World’s oldest person, a Japanese woman, dies at 119

Category: Health


Unlocking Word Meanings

Read the following words/expressions found in today’s article.

  1. penchant / ˈpɛn tʃənt / (n.) – a strong liking for something

    I have a penchant for funny shows, so I avoid anything dramatic.

  2. fizzy / ˈfɪz i / (adj.) – having a lot of small bubbles, especially of carbon dioxide

    I avoid fizzy drinks like soda because they’re known to be unhealthy.

  3. gerontology / ˌdʒɛr ənˈtɒl ə dʒi / (n.) – the scientific study of old age, the aging process, and problems of aged persons

    Jake specialized in gerontology because he wanted to understand aged people better.

  4. rapidly / ˈræp ɪd li / (adv.) – quickly

    Technology is rapidly changing because of new developments.

  5. centenarian / ˌsɛn tnˈɛər i ən / (n.) – a person who’s 100 years old or older

    There are a lot of centenarians in the village, and most of them are still physically active.


Read the text below.

A Japanese woman recognized as the world’s oldest person, Kane Tanaka, has died at age 119, just months short of her goal of reaching 120.

Born on Jan. 2, 1903, Tanaka loved playing the board game Othello and had a penchant for chocolate and fizzy drinks. She was certified by Guinness World Records as the oldest living person in 2019 when she was 116. In media occasions, she said she was still enjoying life and hoped to live until 120.

Tanaka died of old age on April 19 at a hospital in Fukuoka, her hometown in southern Japan where she spent all her life, city officials said Tuesday. Tanaka, who had lived at a nursing home, was in and out of hospital only recently, they said.

Fukuoka Gov. Seitaro Hattori said in a statement he was shocked and saddened by her loss as he was looking forward to marking the Respect for the Aged Day later this year in person over chocolate and fizzy drinks, as he had to miss the occasion last year due to the pandemic.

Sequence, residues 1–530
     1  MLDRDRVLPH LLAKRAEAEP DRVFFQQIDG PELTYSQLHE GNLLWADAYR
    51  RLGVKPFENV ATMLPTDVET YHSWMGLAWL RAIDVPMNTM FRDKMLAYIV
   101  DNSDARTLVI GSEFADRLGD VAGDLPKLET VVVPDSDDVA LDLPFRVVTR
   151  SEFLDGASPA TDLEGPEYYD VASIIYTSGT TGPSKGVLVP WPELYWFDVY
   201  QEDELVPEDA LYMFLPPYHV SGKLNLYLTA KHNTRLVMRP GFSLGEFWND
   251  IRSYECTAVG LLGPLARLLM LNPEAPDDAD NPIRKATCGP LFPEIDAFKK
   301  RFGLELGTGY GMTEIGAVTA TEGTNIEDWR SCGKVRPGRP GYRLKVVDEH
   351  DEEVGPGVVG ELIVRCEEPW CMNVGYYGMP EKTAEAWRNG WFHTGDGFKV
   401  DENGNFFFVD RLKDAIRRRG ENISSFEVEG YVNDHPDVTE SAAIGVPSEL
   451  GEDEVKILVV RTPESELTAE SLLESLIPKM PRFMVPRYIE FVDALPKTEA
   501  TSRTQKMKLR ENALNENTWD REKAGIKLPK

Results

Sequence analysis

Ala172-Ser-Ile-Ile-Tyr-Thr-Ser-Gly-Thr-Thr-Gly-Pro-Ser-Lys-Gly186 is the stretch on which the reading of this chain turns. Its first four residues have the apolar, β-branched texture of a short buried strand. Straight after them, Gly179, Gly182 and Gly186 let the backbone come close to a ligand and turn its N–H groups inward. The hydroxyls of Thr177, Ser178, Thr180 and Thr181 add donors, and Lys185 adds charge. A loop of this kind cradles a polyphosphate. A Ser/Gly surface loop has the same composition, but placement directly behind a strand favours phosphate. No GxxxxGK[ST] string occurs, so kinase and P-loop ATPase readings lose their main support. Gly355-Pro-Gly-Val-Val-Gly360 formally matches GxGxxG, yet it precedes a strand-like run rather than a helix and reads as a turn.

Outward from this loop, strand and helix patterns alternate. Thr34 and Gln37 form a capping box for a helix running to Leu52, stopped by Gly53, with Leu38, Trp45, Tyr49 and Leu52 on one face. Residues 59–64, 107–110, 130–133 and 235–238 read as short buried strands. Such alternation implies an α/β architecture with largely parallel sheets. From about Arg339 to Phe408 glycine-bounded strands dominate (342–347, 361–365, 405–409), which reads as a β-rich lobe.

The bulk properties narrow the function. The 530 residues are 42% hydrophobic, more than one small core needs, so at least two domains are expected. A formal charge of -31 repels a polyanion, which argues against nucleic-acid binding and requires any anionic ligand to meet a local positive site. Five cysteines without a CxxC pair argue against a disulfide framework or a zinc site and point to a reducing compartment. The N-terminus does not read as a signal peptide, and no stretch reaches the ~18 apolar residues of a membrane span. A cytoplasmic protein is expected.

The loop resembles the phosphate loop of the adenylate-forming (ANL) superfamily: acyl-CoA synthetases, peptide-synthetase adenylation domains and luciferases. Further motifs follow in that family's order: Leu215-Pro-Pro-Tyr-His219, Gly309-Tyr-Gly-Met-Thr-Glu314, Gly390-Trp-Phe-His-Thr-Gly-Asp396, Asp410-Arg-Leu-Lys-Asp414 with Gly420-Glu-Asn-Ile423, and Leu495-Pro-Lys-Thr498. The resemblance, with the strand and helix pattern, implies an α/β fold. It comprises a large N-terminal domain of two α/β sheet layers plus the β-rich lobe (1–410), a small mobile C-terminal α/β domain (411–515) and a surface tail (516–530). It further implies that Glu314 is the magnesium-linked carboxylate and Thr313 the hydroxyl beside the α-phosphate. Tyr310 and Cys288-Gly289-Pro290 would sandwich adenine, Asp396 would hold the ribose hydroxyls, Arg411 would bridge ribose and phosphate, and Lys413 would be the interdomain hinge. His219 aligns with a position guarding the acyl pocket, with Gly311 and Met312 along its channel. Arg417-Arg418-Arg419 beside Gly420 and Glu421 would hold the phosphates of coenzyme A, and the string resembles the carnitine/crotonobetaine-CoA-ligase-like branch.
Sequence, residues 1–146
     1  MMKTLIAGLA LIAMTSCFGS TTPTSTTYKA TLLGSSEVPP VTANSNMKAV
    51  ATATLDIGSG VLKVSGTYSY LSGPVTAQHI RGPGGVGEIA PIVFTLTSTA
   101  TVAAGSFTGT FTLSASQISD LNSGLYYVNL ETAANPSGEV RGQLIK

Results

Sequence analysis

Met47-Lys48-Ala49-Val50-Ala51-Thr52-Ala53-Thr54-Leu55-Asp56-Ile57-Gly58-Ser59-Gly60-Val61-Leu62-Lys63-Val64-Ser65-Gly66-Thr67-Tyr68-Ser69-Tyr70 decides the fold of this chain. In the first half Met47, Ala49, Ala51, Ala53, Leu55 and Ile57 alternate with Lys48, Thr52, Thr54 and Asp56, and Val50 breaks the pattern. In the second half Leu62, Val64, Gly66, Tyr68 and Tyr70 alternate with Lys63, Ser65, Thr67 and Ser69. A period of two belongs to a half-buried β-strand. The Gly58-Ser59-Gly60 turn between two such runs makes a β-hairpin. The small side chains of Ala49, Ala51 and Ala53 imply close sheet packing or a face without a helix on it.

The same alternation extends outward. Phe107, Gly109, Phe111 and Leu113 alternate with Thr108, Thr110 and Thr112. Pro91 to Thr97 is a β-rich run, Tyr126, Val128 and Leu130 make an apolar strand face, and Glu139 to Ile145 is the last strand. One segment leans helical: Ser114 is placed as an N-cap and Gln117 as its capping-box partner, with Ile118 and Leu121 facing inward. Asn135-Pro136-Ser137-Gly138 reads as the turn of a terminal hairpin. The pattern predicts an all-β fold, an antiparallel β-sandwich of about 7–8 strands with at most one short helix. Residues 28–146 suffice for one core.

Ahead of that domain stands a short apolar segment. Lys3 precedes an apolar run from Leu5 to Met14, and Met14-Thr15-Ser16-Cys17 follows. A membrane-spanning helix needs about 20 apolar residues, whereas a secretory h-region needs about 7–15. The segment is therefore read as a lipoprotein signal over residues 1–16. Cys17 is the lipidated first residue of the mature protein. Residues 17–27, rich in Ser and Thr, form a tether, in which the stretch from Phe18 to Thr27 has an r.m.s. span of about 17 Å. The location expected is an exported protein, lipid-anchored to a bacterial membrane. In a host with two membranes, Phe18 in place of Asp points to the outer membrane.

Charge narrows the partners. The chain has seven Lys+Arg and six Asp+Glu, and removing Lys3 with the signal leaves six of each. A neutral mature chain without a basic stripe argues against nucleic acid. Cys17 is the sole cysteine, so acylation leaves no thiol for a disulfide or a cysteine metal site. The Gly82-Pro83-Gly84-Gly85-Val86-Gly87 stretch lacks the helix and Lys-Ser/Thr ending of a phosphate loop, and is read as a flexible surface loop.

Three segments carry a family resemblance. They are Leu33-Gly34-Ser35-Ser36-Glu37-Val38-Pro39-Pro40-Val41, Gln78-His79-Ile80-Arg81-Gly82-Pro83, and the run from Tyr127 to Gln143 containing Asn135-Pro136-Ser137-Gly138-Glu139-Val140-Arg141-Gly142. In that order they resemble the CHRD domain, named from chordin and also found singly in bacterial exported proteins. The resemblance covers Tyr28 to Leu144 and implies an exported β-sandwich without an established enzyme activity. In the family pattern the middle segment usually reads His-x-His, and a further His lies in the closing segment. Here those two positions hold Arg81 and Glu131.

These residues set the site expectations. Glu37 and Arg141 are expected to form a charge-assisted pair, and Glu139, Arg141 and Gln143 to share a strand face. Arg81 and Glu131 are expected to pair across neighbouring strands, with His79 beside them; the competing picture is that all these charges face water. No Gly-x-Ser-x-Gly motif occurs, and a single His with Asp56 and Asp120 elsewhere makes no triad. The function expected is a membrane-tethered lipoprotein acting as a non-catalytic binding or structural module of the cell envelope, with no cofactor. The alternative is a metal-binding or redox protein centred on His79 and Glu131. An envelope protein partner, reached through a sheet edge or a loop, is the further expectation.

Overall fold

“I could only see her in a picture showing her with the bouquet and making a ‘peace’ sign (with her fingers), but that cheered me up,” Hattori said. “She gave the people hope for healthy long life.”

With her death, the world’s oldest human is now Lucile Randon, a French nun known as Sister Andre, aged 118, according to the Gerontology Research Group. In Japan, the new record-holder is a 115-year-old woman Fusa Tatsumi, of Osaka, the Japanese health ministry said.

Japan, whose population is rapidly aging and declining, had 86,510 centenarians, 90% of them women, according to the latest ministry figures.

This article was provided by The Associated Press.

Viewpoint Discussion

Enjoy a discussion with your tutor.

Discussion A

  • What do you think is the secret to reaching 100 years old (ex. having an active lifestyle, doing brain exercises)? Why? Discuss.
  • Would you like to be a centenarian? Why or why not? Discuss.

Discussion B

  • Do you think your country is a good place to grow old? Why or why not? Discuss.
  • In Japan, new centenarians receive a certificate and a commemorative gift on Respect for the Aged Day. In your opinion, what’s the importance of honoring the lives of centenarians? Discuss.